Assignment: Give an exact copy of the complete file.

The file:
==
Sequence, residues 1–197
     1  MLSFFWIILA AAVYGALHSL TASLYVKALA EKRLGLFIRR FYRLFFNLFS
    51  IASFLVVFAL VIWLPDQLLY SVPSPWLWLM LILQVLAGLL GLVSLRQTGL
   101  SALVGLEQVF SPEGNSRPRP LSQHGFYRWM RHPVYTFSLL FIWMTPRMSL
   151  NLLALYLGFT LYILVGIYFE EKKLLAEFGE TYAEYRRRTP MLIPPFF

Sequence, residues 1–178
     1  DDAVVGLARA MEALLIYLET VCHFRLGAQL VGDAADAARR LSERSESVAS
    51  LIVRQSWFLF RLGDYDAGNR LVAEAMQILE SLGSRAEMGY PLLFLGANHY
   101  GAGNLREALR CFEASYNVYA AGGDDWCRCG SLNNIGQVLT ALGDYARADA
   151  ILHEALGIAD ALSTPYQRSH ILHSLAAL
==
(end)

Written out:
Sequence, residues 1–197
     1  MLSFFWIILA AAVYGALHSL TASLYVKALA EKRLGLFIRR FYRLFFNLFS
    51  IASFLVVFAL VIWLPDQLLY SVPSPWLWLM LILQVLAGLL GLVSLRQTGL
   101  SALVGLEQVF SPEGNSRPRP LSQHGFYRWM RHPVYTFSLL FIWMTPRMSL
   151  NLLALYLGFT LYILVGIYFE EKKLLAEFGE TYAEYRRRTP MLIPPFF

Sequence, residues 1–178
     1  DDAVVGLARA MEALLIYLET VCHFRLGAQL VGDAADAARR LSERSESVAS
    51  LIVRQSWFLF RLGDYDAGNR LVAEAMQILE SLGSRAEMGY PLLFLGANHY
   101  GAGNLREALR CFEASYNVYA AGGDDWCRCG SLNNIGQVLT ALGDYARADA
   151  ILHEALGIAD ALSTPYQRSH ILHSLAAL